Apparently the Jesuits introduced the bark to Europe in 1632 and it became known as the Jesuit's bark...and hence deprecated in protestant Britain....where people refused to use it. Clearly the genus is complicates with some botanists maintaining that there are 23 species and others that there are 15. The basic problem is that (apart from environmental differences which cause differences in growth habit) the plant does not self-fertilise and naturally hybridises. Hence the taxonomy is a mess and the medicinal quality/quantity of the quinine derived from the bark can vary greatly between species.
One of the things that fascinated me about the labours of the various botanists trying to collect cinchona and other new species of plants was the extraordinarily difficult circumstances under which they laboured and the number of collections (the result of years of work) that were lost to shipwreck or other disasters.
. La Condamine about 1742 lost a whole collection of cinchona saplings when a wave washed over his boat near the mouth of the Amazon after a journey from Mt Cajunama in the Andes....Probably about 3000km.
. Joseph de Jussieu spent years (from about 1737...at least until about 1743) collecting botanical specimens and experimenting with different species of cinchona. He entrusted his collection to a servant who disappeared with the lot and was never found.
. Hipolito Ruiz and Jose Pavon spent 7 years penetrating the forests of Peru and Chile collecting specimens; lost their journals and specimens (possibly a local collection) in a fire in 1786 but their main collection was in a ship that was wrecked off the coast of Portugal.
. Hugues Weddell in 1851 ..after 5 months of work danger and expenditure .. found most of his plants dead in the Wardian cases and sickly survivors that were unlikely to make it back to Europe,
. Richard Spruce 1859 after about a year's work in the Andes had 637 plants in Wardian cases. He was coming downriver from Lemon towards Guayaqui when the boat hit a mass of overhanging branches creating chaos but his cases survived.
. Clements Markham in 1860 took charge of Spruce's collection in 15 cases and another 6 for Pritchett's collection....a total of 450 plants. The original plan was for them to go straight to India from Panama but no such luck. They eventually went to India via Southampton (270 plants alive) then Egypt and Red Sea heat plus one case dropped into the sea. By the time they reached the hill station in India all plants were dead.
. Alfred Russell Wallace....after 4 years of work ....with his collection of natural history objects, skins, plants etc. sailed down the Amazon to Manaus and set sail for England in 1852. But 1,000 km from Bermuda his ship caught fire and all his collections were lost. How did these guys recover mentally from these sort of disasters?
Eventually, some of the specimens were grown successfully in plantations in Indonesia and India and elsewhere..and some of the pharmacology worked out ...though the English collectors and plantation managers slipped up with the most potent of the C. calisaya species and were growing a much less potent variety.
There is a big leap in the story then to the production of synthetic drugs for combatting malaria and more recently, molecular and DNA manipulation to develop vaccines.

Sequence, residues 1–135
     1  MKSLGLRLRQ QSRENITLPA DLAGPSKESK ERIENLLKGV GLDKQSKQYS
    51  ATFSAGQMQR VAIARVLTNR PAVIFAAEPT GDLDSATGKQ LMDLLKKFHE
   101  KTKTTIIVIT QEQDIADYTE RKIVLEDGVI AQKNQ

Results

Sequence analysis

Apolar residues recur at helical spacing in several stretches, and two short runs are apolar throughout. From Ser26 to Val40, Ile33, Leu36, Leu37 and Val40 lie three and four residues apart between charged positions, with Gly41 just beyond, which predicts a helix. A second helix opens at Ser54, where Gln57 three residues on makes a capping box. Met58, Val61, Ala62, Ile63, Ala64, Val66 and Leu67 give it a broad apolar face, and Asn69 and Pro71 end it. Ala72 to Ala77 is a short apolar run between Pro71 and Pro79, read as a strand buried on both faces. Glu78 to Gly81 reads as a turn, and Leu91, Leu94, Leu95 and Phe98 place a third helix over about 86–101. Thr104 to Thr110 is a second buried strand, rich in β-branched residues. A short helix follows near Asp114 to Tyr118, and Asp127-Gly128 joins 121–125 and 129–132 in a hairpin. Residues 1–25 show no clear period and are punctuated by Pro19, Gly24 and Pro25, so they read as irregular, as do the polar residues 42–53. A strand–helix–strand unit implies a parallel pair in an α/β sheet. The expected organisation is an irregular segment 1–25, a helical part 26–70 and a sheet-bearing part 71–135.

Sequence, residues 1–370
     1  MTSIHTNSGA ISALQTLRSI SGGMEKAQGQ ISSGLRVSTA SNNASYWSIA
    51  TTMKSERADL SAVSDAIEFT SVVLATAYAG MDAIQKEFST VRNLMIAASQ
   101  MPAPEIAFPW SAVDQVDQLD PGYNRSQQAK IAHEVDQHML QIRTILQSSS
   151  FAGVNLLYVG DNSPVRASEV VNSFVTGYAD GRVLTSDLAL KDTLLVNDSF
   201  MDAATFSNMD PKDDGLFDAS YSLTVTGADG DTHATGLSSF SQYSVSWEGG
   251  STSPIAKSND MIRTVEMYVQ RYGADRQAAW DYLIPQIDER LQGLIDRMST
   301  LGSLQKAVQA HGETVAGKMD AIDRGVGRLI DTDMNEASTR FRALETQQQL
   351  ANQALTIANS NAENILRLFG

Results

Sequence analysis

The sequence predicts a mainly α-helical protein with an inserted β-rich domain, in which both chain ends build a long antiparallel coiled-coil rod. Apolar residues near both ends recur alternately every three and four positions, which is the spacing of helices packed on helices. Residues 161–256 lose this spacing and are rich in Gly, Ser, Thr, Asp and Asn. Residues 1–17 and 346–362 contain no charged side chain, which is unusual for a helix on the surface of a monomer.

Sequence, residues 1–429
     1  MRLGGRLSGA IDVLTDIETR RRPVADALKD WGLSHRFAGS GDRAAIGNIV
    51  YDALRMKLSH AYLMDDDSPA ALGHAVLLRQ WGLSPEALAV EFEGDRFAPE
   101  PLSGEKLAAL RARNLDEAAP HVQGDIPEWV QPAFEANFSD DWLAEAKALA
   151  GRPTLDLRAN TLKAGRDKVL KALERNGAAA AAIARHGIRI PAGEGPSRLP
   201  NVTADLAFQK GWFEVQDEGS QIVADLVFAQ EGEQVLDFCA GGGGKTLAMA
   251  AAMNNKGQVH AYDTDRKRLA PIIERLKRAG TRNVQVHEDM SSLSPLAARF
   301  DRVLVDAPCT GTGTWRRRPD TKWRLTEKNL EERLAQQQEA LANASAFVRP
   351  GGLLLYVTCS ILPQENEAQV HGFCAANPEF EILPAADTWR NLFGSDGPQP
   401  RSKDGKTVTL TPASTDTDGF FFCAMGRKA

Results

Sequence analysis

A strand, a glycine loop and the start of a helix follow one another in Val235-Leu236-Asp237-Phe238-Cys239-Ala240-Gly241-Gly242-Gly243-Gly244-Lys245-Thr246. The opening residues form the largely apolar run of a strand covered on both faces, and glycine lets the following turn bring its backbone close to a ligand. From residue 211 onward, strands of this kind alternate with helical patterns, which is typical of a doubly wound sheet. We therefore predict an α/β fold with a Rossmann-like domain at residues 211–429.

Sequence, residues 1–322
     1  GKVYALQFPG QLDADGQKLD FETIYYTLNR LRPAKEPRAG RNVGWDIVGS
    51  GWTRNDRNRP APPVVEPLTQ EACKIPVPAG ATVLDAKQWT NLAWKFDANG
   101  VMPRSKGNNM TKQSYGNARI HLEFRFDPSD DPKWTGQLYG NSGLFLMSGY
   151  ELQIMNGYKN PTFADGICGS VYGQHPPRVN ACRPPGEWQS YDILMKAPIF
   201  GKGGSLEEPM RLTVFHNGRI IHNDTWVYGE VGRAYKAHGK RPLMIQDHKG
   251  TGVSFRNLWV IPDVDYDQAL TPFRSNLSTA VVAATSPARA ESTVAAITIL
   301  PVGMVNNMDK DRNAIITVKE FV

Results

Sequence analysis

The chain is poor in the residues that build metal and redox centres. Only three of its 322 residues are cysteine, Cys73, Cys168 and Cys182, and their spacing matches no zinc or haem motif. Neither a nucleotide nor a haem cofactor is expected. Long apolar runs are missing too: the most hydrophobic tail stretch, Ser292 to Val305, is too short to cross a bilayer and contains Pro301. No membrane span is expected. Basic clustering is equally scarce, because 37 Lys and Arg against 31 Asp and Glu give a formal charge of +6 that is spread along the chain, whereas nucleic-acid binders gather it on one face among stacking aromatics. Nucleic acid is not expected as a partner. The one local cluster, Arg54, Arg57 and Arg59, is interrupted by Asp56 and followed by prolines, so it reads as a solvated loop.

One thing that the author makes clear is that the plasmodium causing malaria has a complex life cycle that makes it difficult to attack; it occurs in a range of different species and is transmitted by different species of mosquito. And every treatment has been thwarted by the ability of the plasmodium to develop resistance and morph it's genetic makeup. It truly is a tough nut for the medical establishment to crack. And malaria has been a hughe problem on battle fields where malaria has often killed more people than the soldier's guns.
I really enjoyed the book. Was going to give it 4 but on consideration, I give it 5 stars.
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booktsunami | 3 muuta kirja-arvostelua | May 27, 2022 |
The 2020 edition includes the beginning of the Covid 19 pandemic.
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MarthaJeanne | 3 muuta kirja-arvostelua | Apr 26, 2021 |
This book takes an historical look at pandemics, starting with the Spanish Flu and ending with the Zika virus outbreak in 2015. I'm told a later version of the book has been released with a chapter on the current COVID-19 pandemic. I really enjoyed this book. I learned a lot. I didn't know there was a plague outbreak in L.A. in 1924 and had never heard of parrot fever. I also liked reading about the AIDS and SARS pandemics, which I remember well...it gave me a new perspective.

What I struggled with was the author's use of scientific and medical terminology without defining the terms. I spent a fair bit of time on Google while reading some sections. But, all in all, I thought it worth the effort.

The book is, on one hand, terrifying. We learn to deal with one pandemic only to fall prey to another. As humans continue to encroach on wildlife habitats, it seems we will unleash more viruses. And throughout history, we have politicians denying the existence of pandemics and people who refuse to modify behaviours to reduce risk.

On the other hand, the book was comforting. We have survived past pandemics, and we will continue to do so. The dedication of medical researchers -- their intelligence, perseverance and courage --- has always been amazing.
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LynnB | 3 muuta kirja-arvostelua | Nov 3, 2020 |